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The Automaton Anarchy: Chapter 2, Scene 2

For a moment, Ignatius thought Winifred meant the pump, hoses and slab. That is what captivated his gaze. It took Ignatius a few seconds to realize that the copper was pointing to a human figure in the far corner. Approaching the figure with care, Ignatius discovered quickly that it was not a person. It certainly gave that impression. However, closer inspection revealed that it was an Automaton. One, the likes of which, Ignatius had never seen before.

All that sat in the corner was a torso, head and one arm. Where the other parts might be, Ignatius did not know. He stood upright and turned back to face the block. He motioned for Winifred to circle the room and check for other entrances. Meanwhile, Ignatius followed his legs as though he were in a dream.  With some trepidation, he moved slowly around the raised table. The shape of the tarp blurred the outline of what lay underneath, but it was readily apparent what lay on the table. The pump’s hosing ran into the left side of the cover. Taking the corner of the tarp with a grand flourish, Ignatius swept it off the table.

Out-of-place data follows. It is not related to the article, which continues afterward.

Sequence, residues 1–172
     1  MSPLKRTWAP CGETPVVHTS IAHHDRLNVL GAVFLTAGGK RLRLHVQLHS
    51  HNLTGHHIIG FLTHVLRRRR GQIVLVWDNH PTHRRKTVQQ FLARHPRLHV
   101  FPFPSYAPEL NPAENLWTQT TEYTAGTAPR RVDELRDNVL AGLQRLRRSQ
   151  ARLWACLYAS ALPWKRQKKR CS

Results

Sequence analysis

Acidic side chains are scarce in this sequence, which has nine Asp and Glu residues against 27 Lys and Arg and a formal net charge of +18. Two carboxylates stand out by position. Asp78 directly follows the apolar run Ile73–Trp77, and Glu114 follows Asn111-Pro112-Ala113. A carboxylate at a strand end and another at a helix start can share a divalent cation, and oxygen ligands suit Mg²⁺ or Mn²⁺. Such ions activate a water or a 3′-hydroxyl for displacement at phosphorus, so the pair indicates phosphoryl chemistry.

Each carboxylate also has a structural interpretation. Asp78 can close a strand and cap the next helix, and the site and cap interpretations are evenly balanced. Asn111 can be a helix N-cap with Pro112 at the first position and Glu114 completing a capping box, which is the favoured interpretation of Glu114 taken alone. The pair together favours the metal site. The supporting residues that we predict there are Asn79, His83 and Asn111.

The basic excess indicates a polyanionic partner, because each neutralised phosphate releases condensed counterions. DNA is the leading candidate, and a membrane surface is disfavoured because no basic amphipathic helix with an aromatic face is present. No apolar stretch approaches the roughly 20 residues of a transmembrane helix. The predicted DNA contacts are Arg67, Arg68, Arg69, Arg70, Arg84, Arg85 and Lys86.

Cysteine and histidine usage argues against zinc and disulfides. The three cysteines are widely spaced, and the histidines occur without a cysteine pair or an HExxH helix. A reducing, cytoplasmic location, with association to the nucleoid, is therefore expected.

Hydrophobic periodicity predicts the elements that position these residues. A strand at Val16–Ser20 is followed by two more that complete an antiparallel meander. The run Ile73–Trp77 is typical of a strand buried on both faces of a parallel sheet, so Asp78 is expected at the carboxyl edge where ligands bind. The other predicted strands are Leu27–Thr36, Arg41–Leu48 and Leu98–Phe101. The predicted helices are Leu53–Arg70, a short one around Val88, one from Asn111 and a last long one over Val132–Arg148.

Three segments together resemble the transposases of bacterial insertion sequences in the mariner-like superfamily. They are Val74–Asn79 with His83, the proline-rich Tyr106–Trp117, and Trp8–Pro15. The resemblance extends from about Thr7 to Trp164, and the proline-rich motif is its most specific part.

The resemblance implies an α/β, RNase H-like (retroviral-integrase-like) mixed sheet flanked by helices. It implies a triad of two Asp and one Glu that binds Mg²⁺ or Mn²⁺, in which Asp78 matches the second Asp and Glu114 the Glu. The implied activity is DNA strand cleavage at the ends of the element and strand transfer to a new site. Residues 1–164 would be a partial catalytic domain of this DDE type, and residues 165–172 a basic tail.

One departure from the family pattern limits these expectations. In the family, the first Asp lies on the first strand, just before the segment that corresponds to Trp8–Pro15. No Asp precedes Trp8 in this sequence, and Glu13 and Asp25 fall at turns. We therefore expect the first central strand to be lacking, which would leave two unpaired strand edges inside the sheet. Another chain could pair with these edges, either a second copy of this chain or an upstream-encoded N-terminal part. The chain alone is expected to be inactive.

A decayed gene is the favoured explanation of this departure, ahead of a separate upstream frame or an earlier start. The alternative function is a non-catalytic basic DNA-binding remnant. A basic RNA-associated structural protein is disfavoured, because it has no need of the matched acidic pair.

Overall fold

Staring up at him was the face of a young man. Even in the unsteady green light of the chemical solution, Ignatius could see bruising on the cheeks. There were no eyes. Instead, dark lensed glass from a pair of goggles capped each socket. The right arm was missing, replaced with an exquisitely crafted metal one, taken from the lifeless Automata in the corner. The hoses from the ceiling dipped down to the ribcage and shuddered as something ran down the one, into the body and back out and up through the other. Ignatius reached into his pockets and took out his magnifying glass.

Infrequently something dripped off the bottom of the dip the hose made, creating a sticky blue puddle on the floor. The last hose, from the pump, entered the left side of the chest, under the arm. It pulsated with a moving fluid too. The rest of the body from the waist down was a patchwork of ordinary flesh and Automata parts. Ignatius looked at each joining, closely examining them through his magnifying glass. There were stiches with surgical thread at some places and more crude cauterizing of flesh to metal at others. Where the tubes connected though, was both a marvel and mystery to Ignatius. It was a seamless transistion from whatever the hose material was to the skin. Ignatius’s hand hovered just over the facemask that covered mouth and nose, trembling just as his fingers brushed the tube.

“Ignatius!” hissed Winifred, “Something’s coming.”

Ignatius withdrew his hand as if scorched and took up his cane. He flipped the concealed switch that allowed a trigger to pop from the handle and extended a pair of pointed contacts from the tip. Winifred backed away from a branching hallway that was diagonal from the one they entered. Winifred had his pistol out and checked to make sure it was cocked with his thumb.